Short-term use of painkiller drugs in the same family as ibuprofen does not increase the risk of having a heart attack, according to the results of a study published in the open access journal BMC Medicine.
The results confirm that taking traditional non-steroidal anti-inflammatory drugs (NSAIDs) at the recommended dose for less than a year does not increase the risk of having a heart attack.
There has been debate over the safety of NSAIDs since the withdrawal of Merck & Co’s COX-2 inhibitor Vioxx (rofecoxib) from the market after data linked it to a doubling of heart attack risk. In the summer a study published in the British Medical Journal courted controversy after it found additional evidence of an elevated risk of heart attack with the COX-2s, but also two non-selective NSAIDs, ibuprofen and diclofenac.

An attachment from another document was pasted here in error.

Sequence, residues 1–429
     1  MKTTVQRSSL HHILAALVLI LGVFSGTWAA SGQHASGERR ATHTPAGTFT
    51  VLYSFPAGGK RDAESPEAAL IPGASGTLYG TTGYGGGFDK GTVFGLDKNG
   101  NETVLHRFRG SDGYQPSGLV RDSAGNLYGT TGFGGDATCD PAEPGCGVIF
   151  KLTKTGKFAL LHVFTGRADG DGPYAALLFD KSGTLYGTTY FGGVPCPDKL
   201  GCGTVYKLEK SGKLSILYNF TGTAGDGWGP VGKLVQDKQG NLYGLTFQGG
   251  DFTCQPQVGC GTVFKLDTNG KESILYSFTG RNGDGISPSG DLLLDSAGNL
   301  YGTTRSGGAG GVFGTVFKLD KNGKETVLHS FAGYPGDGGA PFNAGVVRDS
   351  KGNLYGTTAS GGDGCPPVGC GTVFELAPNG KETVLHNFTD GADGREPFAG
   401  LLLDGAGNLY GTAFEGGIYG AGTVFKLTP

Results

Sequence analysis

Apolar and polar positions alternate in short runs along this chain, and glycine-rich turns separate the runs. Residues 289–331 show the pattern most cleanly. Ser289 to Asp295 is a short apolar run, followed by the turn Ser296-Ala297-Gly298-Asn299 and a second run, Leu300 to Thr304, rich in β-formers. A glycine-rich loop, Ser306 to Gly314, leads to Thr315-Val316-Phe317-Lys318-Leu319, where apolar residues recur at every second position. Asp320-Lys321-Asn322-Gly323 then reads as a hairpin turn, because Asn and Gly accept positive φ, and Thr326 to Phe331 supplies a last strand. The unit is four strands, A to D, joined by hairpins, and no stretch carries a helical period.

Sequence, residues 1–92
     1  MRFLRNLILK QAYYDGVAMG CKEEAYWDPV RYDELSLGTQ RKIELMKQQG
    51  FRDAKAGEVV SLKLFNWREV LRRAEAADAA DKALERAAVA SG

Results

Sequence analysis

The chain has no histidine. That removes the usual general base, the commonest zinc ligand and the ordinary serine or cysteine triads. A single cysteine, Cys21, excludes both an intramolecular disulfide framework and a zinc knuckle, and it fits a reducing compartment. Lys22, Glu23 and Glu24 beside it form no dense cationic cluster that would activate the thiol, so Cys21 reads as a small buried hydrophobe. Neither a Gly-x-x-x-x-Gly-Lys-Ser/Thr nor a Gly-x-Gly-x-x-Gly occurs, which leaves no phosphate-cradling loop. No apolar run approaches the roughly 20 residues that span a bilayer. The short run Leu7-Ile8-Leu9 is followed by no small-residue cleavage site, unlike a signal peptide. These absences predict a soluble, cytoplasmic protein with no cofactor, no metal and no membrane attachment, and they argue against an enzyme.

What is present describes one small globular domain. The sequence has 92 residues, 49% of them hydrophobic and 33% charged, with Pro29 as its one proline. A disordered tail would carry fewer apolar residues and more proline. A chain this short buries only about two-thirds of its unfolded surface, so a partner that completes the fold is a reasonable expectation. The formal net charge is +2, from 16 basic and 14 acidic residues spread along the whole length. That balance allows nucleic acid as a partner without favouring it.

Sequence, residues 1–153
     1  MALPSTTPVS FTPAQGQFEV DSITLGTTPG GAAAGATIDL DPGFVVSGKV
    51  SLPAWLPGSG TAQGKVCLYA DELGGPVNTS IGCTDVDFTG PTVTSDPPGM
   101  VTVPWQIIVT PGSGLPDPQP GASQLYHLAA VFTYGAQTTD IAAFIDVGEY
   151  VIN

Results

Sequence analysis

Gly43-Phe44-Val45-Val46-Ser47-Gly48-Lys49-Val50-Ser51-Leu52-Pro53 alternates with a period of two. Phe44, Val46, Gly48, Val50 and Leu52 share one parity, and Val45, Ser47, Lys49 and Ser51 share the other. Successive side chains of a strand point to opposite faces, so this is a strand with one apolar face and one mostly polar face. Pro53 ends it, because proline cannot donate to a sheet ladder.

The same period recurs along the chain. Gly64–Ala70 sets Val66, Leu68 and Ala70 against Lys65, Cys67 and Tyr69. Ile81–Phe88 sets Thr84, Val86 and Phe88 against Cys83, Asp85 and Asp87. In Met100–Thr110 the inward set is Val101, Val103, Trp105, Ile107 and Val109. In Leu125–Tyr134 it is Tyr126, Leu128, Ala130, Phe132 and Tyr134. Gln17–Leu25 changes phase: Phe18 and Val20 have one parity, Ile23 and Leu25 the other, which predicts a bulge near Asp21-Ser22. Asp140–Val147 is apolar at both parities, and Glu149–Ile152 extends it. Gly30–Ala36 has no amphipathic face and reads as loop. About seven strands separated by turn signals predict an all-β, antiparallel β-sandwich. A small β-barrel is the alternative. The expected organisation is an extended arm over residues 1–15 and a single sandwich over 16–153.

When taken regularly for more than one year, however, some traditional NSAIDs can slightly increase the risk of non-fatal heart attack, but this does not apply to ibuprofen or naproxen, two of the most widely-used NSAIDs, according to the authors of the study.
Luis Garcia Rodriguez and Antonio Gonzalez-Perez from the Centro Espanol de Investigacion Farmacoepidemiologica in Madrid, Spain, studied NSAID use in 4,975 patients who had had a heart attack and 20,000 healthy control individuals.
Their results show that taking NSAIDs for less than a year does not increase the risk of heart attack, but regular NSAID use for longer than one year raised the risk of non-fatal heart attack by 20%. Of the three NSAIDs studied, ibuprofen seemed to have no effect on heart attack rates, diclofenac was associated with a slight increase and naproxen seemed to have a small protective effect, according to the researchers.